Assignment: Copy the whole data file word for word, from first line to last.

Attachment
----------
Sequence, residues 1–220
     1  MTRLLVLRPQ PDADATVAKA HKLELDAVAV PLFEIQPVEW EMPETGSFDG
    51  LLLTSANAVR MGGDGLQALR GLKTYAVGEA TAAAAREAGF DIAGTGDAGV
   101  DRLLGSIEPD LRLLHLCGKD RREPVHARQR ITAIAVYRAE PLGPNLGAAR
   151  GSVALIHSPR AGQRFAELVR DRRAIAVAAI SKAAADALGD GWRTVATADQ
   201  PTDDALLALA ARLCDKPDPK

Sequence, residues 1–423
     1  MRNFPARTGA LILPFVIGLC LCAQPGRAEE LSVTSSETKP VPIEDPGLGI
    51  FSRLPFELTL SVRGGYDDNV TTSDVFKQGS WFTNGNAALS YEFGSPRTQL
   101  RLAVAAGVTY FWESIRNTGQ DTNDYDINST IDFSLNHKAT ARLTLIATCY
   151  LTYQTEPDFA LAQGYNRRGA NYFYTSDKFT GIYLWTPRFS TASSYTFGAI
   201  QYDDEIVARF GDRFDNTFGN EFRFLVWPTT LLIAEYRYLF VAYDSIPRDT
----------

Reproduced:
Sequence, residues 1–220
     1  MTRLLVLRPQ PDADATVAKA HKLELDAVAV PLFEIQPVEW EMPETGSFDG
    51  LLLTSANAVR MGGDGLQALR GLKTYAVGEA TAAAAREAGF DIAGTGDAGV
   101  DRLLGSIEPD LRLLHLCGKD RREPVHARQR ITAIAVYRAE PLGPNLGAAR
   151  GSVALIHSPR AGQRFAELVR DRRAIAVAAI SKAAADALGD GWRTVATADQ
   201  PTDDALLALA ARLCDKPDPK

Sequence, residues 1–423
     1  MRNFPARTGA LILPFVIGLC LCAQPGRAEE LSVTSSETKP VPIEDPGLGI
    51  FSRLPFELTL SVRGGYDDNV TTSDVFKQGS WFTNGNAALS YEFGSPRTQL
   101  RLAVAAGVTY FWESIRNTGQ DTNDYDINST IDFSLNHKAT ARLTLIATCY
   151  LTYQTEPDFA LAQGYNRRGA NYFYTSDKFT GIYLWTPRFS TASSYTFGAI
   201  QYDDEIVARF GDRFDNTFGN EFRFLVWPTT LLIAEYRYLF VAYDSIPRDT